Last Modified 2011-11-04 by Guest


Command line interfaces can often be composed of different modules responsible for distinct actions. Horde_Cli_Modular allows each such module to influence the overall command line interface.


The command line of the tool pear is a good example of the kind of interface Horde_Cli_Modular supports: There are a number of global options available but each command supported by pear may have its own subset of options. -c identifies the pear configuration file as a global option. In contrast the --register-only option is specific to the install command provided by pear.

Obviously not all command line interfaces match this scheme. Hence Horde_Cli_Modular shouldn't be considered to be a generic utility for all CLI tools. But for all CLI helpers that have such a structure the library should provide a decent skeleton that allows to quickly start adding modules.


Horde_Cli_Modular provides four classes as main structural elements:

The entry point for generating the command line interface.
The handler for the list of modules.
A module factory.
The interface definition for a module.


The Horde_Cli_Modular class is the entry point for constructing a modular command line interface. The class provides methods to combine and access the different modules.


This class generates the basic setup and you will only have to provide a few basic parameters to setup the system. This introduction will focus on the central settings and you will need to lookup the API documentation for further details.

The following demonstrates how you could construct the Horde_Cli_Modular instance:

$modular = new Horde_Cli_Modular(
    'parser' => array('usage' => '[options] MODULE'),
    'modules' => array('directory' => dirname(__FILE__) . '/Module'),
    'provider' => array('prefix' => 'Horde_Something_Module_')

The parser parameter preparse the command line argument parser (usually Horde_Argv). The snippet above only provides the usage setting that will be displayed as the condensed usage instruction when the user requests the help for the CLI script.

The modules part defines the directory that contains the various modules which are part of the command line interface.

And finally the provider setting indicates the common prefix that the module classes will have.

The file structure for the hypothetical Horde_Something package would look like this in order to match the setup presented above:


There are two modules: Horde_Something_Module_One in One.php and Horde_Something_Module_Two in Two.php.


After creating the Horde_Cli_Modular instance you should create the command line parser and read the arguments the user provided.

$parser = $modular->createParser();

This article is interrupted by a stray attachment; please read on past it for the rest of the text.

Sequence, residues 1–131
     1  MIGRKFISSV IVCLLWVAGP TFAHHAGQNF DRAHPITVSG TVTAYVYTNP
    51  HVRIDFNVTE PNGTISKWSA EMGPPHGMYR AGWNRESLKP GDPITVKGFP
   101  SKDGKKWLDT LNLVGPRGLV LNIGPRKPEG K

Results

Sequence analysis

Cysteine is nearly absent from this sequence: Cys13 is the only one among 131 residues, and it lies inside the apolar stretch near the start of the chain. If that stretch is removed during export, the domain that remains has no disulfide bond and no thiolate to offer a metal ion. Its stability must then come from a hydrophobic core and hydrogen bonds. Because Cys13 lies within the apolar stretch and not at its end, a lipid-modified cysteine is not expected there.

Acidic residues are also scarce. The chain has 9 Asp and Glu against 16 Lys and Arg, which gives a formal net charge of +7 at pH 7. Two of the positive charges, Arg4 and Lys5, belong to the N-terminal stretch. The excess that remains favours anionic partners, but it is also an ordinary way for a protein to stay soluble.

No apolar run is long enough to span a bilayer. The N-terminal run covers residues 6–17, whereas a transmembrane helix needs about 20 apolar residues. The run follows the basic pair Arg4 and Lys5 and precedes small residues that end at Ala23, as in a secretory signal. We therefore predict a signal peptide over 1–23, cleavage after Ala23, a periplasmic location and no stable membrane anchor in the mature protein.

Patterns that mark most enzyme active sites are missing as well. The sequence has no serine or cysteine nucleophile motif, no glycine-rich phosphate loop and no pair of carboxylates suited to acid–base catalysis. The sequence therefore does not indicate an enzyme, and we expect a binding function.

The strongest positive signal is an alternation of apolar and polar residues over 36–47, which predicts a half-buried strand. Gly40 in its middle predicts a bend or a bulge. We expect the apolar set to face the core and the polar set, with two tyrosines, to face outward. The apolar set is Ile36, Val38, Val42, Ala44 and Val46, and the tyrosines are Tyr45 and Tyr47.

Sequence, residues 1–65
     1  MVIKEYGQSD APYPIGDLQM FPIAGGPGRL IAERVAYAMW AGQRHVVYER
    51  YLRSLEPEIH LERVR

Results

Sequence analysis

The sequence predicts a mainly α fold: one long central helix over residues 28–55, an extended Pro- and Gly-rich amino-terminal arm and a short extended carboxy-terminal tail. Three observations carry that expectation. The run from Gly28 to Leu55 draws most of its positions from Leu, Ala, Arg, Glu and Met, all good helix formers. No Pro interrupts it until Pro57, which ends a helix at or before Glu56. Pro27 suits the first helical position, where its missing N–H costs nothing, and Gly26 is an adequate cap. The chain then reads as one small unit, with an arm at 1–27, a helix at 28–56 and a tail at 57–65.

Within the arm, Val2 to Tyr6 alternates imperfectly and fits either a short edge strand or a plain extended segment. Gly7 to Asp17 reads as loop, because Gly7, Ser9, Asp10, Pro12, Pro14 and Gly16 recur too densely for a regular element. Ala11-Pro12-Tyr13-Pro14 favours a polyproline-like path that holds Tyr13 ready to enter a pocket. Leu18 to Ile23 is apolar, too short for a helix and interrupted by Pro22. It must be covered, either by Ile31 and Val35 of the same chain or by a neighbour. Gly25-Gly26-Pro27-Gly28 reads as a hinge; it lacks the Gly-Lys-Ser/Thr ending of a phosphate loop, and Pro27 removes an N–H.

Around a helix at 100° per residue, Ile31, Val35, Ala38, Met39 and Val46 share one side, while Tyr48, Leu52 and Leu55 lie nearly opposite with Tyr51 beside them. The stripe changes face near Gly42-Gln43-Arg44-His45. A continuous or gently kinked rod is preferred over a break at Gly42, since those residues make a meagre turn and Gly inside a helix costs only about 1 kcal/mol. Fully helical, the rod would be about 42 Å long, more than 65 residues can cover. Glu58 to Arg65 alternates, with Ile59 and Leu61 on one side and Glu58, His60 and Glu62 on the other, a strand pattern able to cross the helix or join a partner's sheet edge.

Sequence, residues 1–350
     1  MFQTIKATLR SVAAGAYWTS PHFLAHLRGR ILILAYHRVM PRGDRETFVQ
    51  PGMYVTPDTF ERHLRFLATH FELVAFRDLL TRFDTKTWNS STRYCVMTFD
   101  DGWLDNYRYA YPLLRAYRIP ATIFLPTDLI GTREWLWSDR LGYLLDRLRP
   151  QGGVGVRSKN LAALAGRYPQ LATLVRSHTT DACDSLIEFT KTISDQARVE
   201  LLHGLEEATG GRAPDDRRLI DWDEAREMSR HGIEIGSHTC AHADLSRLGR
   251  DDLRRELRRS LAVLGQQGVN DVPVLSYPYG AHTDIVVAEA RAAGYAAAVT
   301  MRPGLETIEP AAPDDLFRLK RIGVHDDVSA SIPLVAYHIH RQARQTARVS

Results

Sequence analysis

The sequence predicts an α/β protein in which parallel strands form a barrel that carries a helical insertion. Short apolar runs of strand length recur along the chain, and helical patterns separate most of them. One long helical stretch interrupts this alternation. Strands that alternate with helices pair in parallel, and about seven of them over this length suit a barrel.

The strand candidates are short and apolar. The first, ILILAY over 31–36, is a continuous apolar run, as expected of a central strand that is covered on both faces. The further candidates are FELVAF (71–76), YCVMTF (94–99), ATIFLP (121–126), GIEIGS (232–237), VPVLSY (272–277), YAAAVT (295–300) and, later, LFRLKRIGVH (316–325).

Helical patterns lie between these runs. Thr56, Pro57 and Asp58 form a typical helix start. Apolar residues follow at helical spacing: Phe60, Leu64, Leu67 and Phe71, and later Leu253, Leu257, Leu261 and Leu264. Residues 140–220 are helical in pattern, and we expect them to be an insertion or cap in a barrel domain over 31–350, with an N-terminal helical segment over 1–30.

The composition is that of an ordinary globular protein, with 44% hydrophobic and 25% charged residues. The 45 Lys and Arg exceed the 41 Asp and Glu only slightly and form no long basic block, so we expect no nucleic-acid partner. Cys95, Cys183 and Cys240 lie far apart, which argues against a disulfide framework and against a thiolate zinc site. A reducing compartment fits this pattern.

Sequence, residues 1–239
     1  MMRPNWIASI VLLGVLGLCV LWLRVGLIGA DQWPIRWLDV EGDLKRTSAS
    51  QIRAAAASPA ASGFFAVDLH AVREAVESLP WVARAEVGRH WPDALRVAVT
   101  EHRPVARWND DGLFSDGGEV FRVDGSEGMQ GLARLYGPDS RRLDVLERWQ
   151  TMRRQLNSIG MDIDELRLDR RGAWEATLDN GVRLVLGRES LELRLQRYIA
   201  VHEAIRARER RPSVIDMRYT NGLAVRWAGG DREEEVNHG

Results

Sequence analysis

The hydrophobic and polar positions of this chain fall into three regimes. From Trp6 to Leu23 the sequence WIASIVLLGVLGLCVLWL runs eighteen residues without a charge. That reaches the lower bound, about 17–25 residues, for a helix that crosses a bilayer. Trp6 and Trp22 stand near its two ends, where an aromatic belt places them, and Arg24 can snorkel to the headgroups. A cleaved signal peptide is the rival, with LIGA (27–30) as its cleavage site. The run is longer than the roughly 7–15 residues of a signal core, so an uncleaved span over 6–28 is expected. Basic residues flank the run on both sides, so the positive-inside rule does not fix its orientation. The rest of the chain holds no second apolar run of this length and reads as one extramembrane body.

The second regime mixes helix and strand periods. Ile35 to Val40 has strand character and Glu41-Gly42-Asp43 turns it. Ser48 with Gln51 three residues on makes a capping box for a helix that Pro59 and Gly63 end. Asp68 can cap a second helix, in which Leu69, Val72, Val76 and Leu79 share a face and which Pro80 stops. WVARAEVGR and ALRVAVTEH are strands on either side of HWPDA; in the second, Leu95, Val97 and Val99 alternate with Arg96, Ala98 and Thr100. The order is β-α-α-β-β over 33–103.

list($options, $arguments) = $parser->parseArgs();

This is the main action you will need.

Beyond that Horde_Cli_Modular will allow you to retrieve the list of modules with:

$modules = $modular->getModules();

And you can retrieve a module instance using:

$module = $modular->getProvider()->getModule('one');

Writing modules

First and foremost each module can add its own option group with a specific title, description and a set of module specific options (see Horde_Argv_OptionGroup for exact details). In addition Horde_Cli_Modular allows a module to modify the global usage string and add basic options valid for all modules.

For that to work all modules are required to implement the Horde_Cli_Modular_Module interface:

interface Horde_Cli_Modular_Module
    public function getUsage();
    public function getBaseOptions();
    public function hasOptionGroup();
    public function getOptionGroupTitle();
    public function getOptionGroupDescription();
    public function getOptionGroupOptions();

There are two functions that allow to influence the global setup of the command line parser: getUsage() and getBaseOptions(). The first one returns a string that will be added to the generic usage description displayed when the user requests the help screen. The second one returns an array of Horde_Argv_Option instances that each define an option valid for all modules.

If the module defines its own option group (that will be displayed as a separate section in the help text for the command) hasOptionGroup() needs to return true.

An option group needs a title (returned as a string by getOptionGroupTitle()) and a descriptions (returned as a string by getOptionGroupDescription()). And finally an option group needs a list of options valid for the specific module defining the option group. The corresponding list is returned as an array of Horde_Argv_Option instances by the method getOptionGroupOptions().


Currently the package Horde_Kolab_Cli and the components application both use Horde_Cli_Modular. You are referred to these package in order to look at real world examples using the Horde_Cli_Modular library.